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Evaluate $$\int_{\gamma}\frac{z^2+2z}{z^2+4}dz$$ where the contour $\gamma$ is

1.) the circle of radius $2$ centered at $2i$, traversed once anti-clockwise.

2.) the unit circle centered at the origin, traversed once anti-clickwise.

So here we would have to use partial fractions: $$1+ \frac{2z-4}{z^2+4}.$$

Then for part 1.), $\gamma(t)=2 e^{it}+2i$.

And for part 2.), $\gamma(t)= e^{it}$.

I'm not sure what to do next to evaluate the integral for part 1.) and 2.).

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  • $\begingroup$ Do you know the definition of $\int _\gamma f$? $\endgroup$
    – Git Gud
    Nov 17, 2013 at 16:35
  • $\begingroup$ Would that involve the Cauchy formula? $\endgroup$
    – Luis_G
    Nov 17, 2013 at 16:37
  • $\begingroup$ Are you allowed to use residue calculus? $\endgroup$ Nov 17, 2013 at 16:37
  • $\begingroup$ No. Do you know that $\int _\gamma f=\int \limits_0^{2\pi}f(e^{-i\theta})\cdot (-i)e^{-i\theta}\mathrm d\theta$? $\endgroup$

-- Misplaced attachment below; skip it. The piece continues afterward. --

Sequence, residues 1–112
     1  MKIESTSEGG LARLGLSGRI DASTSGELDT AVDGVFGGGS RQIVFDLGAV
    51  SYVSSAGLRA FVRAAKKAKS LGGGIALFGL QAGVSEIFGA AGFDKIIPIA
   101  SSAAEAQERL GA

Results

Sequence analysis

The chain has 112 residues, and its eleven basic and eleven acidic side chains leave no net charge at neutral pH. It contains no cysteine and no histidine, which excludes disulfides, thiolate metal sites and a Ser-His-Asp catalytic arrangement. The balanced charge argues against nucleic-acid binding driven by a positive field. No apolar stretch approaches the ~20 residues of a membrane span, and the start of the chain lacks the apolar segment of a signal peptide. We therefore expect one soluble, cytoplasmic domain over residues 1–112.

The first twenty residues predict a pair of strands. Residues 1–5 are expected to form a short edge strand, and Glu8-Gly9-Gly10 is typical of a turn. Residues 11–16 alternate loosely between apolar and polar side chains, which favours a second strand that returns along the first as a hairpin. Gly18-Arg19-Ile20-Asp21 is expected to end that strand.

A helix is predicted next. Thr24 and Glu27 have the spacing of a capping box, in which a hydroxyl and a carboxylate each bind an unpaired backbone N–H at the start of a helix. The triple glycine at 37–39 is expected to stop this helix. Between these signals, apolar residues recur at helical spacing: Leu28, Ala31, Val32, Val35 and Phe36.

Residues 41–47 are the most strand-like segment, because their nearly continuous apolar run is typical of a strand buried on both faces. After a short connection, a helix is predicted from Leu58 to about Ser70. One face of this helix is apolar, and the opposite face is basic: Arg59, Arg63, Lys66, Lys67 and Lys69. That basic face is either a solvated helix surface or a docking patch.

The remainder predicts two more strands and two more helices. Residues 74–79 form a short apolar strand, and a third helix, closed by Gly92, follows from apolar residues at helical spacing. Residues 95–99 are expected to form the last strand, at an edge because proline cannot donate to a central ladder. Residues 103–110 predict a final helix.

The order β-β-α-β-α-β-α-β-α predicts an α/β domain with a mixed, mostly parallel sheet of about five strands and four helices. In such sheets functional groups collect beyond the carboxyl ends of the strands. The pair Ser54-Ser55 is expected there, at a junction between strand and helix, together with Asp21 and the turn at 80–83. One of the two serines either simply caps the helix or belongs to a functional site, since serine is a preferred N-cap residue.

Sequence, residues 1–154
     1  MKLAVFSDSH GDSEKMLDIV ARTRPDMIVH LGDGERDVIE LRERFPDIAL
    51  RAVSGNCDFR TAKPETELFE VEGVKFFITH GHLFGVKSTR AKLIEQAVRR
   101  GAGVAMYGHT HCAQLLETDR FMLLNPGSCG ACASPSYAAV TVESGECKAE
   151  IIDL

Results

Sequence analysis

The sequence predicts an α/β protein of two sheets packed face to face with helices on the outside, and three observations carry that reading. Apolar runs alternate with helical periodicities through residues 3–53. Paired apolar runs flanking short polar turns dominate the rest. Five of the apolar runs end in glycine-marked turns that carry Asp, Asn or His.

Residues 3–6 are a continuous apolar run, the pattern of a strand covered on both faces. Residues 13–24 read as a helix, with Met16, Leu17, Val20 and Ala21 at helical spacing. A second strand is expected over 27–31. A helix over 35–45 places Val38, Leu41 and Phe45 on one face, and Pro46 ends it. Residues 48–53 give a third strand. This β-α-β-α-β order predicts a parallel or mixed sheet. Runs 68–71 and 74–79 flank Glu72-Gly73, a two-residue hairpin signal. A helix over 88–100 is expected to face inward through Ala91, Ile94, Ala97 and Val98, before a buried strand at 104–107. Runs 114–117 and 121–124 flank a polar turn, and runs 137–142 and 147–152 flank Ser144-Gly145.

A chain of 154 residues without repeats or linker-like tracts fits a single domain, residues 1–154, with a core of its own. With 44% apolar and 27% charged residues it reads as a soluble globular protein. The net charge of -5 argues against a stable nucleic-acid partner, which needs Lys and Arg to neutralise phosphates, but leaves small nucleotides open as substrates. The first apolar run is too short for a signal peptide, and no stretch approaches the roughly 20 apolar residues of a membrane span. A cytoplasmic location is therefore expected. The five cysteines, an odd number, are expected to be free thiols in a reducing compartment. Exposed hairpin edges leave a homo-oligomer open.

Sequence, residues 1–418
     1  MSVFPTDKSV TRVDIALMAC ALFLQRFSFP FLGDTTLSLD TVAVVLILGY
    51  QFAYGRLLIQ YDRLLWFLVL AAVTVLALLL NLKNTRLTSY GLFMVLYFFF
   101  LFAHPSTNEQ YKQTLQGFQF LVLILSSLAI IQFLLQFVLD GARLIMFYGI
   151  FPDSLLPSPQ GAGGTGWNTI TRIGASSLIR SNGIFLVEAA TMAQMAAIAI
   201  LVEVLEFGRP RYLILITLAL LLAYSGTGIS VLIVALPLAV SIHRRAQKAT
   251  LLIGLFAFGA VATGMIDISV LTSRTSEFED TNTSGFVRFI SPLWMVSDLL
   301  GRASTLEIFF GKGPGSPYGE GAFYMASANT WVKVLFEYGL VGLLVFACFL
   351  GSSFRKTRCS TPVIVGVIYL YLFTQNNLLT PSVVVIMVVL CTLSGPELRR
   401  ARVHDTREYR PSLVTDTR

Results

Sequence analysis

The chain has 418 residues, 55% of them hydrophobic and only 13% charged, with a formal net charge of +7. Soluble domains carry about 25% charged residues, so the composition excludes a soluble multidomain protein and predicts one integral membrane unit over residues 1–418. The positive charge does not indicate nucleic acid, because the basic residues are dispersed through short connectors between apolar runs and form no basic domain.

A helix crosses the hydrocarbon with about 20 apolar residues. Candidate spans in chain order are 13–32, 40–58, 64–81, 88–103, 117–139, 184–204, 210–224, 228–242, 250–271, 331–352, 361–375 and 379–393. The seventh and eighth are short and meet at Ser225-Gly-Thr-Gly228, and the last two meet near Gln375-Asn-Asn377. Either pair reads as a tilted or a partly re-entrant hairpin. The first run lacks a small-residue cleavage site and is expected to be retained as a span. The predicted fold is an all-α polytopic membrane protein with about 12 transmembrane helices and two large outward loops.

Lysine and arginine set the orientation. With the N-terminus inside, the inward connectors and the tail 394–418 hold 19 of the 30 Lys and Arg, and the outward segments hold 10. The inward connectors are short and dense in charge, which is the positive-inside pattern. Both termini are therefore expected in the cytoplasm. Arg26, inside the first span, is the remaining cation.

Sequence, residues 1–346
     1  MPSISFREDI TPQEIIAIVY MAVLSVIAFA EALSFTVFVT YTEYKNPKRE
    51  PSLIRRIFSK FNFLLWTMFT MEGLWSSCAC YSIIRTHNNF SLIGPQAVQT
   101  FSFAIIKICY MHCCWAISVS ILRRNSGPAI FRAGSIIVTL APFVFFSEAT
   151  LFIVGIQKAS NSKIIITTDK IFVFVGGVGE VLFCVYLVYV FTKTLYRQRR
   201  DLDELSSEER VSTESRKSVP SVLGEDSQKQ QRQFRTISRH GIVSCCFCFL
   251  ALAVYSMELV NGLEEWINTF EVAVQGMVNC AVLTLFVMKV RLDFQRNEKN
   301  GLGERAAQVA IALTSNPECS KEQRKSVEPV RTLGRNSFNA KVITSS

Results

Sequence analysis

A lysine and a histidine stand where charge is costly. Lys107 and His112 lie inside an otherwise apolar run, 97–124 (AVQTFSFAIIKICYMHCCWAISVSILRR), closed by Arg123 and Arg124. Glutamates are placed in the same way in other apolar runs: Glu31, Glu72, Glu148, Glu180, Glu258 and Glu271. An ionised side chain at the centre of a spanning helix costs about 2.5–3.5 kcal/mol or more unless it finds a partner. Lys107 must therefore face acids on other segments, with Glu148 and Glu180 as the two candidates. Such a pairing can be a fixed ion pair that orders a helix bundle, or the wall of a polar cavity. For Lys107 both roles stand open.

– Git Gud
    Nov 17, 2013 at 16:38
  • $\begingroup$ 'DepeHb': I think we're meant to use Cauchy's Integral Theorem. 'Git Gud': I can't say I am familiar with that definition. Is what I've done so far correct? And what would be the next logical step? $\endgroup$
    – Luis_G
    Nov 17, 2013 at 16:50

1 Answer 1

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$(1)$ Apply the residue theorem. $\int_{\gamma}\frac{z^2+2z}{(z-2i)(z+2i)}dz=2i\pi(\sum res_{z=z_k})$. Define $z_0:=z+2i.$ Thus, $res_{z=z_0}f(z)=\frac{z_k^2+2z_k}{2z_k}$, for $k=0$.

$(2)$ Notice that none of your singluar points are in your contour $\Rightarrow $$\int_{|z|=1}\frac{z^2+2z}{(z-2i)(z+2i)}dz=0$, by Cauchy Integral Formula.

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